Creating a label, “Christian nationalism” is at least as seductive & dangerous to the saints of God, and to the existence of America as Trumpism. Space here will not permit to eleberate, so consider these points: (1) Where did nationalism come from? God instituted it when he divided the nations and scattered the people so they were not one under a satanic global rule at Babel. (2) Without nationalism there would be no biblical Israel in the bible as an example to the nations. (3) Nationalism is necessary for the preservation of a place for the people of God to spread the Gospel at home and abroad. I repeat, nationalism is of God, he created it. (4) The agenda of the Democrat party is Antichrist, it is Satan’s party. But who said the Republicans are the party of God? Christians don’t claim that. What is left of the Rs is the only place Christians can find a voice at all in the direction of the country. (5) Most of the fanatical Trumpsters who seem to worship him aren’t focused on God, many are gay, or drunkards, etc. etc, or are nominal Christians at best. Why should Trump supporting Christians be thrown in and defined by them? Most devout Christians have things in perspective and know God rules and he alone is salvation. (6) Creating a label “Christian nationalism” blurs the lines between fighting for your freedom and fanaticism. It creates a stigma to cast upon Christians who wish to preserve their nation and their liberties. (7) Most people are not serving God in either political party, to denounce those who are using the only viable vehicle available to them by accusing them of idolatry is damaging. (8) The term, “Christian national” is too broad and too judgmental to be used as a label since God is the judge of each and every single heart. For that reason alone it can only become a harmful cast.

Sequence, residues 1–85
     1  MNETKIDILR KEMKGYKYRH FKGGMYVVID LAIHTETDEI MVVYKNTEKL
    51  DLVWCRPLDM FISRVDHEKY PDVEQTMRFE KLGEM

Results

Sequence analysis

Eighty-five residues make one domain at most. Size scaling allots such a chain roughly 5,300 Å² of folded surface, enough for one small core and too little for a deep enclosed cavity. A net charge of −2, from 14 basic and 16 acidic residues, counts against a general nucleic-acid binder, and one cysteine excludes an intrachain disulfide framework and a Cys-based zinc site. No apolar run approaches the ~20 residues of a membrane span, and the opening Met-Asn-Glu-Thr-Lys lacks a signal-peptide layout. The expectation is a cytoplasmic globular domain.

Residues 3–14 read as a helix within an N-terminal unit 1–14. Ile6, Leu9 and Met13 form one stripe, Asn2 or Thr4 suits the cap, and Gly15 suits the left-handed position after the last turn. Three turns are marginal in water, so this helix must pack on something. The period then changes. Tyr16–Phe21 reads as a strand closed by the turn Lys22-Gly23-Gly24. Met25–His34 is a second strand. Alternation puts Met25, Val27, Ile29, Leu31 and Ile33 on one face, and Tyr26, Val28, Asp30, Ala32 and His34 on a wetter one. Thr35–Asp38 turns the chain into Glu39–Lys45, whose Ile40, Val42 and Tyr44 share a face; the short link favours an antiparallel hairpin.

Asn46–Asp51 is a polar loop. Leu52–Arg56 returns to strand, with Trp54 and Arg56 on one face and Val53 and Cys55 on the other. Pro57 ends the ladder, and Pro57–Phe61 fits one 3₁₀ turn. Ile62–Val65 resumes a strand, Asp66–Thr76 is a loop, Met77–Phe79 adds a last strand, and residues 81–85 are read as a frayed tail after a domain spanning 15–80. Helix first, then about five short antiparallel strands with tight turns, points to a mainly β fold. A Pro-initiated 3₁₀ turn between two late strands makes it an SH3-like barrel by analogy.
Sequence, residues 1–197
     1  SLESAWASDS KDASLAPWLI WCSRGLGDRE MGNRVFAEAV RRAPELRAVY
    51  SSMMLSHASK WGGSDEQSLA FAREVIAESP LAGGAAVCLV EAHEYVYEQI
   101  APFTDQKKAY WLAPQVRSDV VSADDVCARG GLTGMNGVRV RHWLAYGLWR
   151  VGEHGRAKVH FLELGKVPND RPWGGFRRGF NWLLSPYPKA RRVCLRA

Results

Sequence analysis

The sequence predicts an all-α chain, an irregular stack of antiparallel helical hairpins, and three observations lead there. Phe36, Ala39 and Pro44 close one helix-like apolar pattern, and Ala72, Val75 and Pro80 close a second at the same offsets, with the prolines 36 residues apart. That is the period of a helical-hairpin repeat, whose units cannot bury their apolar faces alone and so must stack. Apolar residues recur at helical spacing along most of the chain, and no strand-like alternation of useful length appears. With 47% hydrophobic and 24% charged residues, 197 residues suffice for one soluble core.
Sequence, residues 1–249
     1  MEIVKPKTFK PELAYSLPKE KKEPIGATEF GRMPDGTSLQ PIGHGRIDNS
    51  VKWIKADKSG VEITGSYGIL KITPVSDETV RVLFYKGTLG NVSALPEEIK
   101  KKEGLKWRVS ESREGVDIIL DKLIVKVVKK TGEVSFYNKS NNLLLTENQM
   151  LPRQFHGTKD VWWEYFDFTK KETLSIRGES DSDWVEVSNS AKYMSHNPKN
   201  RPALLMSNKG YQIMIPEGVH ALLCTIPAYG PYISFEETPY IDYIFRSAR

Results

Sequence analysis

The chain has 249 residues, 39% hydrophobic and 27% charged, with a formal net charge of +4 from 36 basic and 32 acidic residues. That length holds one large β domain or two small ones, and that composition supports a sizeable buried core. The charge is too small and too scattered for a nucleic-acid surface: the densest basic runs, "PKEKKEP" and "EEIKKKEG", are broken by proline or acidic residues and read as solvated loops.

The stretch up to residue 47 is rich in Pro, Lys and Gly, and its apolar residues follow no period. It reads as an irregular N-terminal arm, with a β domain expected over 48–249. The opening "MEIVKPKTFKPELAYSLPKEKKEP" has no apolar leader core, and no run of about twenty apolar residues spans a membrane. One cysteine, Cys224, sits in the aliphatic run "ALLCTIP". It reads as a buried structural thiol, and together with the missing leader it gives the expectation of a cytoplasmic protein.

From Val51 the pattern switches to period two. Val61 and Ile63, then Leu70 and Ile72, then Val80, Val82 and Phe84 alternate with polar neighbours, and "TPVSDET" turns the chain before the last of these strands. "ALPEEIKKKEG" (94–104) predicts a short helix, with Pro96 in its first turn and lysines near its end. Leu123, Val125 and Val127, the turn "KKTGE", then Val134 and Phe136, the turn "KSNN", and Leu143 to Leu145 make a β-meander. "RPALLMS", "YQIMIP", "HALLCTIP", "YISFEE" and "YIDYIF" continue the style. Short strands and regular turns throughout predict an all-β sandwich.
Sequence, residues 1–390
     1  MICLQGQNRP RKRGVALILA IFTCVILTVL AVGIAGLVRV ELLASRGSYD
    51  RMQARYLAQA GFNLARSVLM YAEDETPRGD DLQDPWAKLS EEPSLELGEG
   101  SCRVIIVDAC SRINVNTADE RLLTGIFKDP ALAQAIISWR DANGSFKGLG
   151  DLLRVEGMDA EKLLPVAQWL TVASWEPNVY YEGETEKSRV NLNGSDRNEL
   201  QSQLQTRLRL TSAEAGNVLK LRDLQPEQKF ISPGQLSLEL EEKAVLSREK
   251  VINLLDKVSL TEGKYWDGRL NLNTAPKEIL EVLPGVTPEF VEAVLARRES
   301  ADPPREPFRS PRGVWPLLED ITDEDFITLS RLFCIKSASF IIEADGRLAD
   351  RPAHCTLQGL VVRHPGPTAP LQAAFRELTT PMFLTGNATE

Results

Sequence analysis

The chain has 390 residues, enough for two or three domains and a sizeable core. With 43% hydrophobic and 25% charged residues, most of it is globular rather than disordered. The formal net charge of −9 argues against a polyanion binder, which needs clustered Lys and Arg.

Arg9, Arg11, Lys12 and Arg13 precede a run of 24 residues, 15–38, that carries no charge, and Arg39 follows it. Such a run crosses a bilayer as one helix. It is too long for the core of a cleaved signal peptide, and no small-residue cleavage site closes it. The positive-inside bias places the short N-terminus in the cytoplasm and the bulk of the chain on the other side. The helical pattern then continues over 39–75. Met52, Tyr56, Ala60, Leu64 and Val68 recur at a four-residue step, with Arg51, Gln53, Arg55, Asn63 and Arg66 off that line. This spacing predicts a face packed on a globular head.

user profile
SteveW posted a comment · Dec 14, 2020
It may be true that some Christians are falling into Christian Nationalism, but to imply this is the majority position is frankly ridiculous. I think that most genuine Christians think that Trump has become almost incidental and are for the most part fighting against the imposition of what is patently an Anti-Christ system. In fact I am more concerned with Christians like yourself who seem incapable of recognising that huge Election Fraud has taken place and are blind to the risk that globalist policies (i.e. the Great Reset and the Great Covid Hoax) represent to the world. You should be more focussed on asking the Lord to rescue us from this evil than seeking out minor issues to assail Christians with.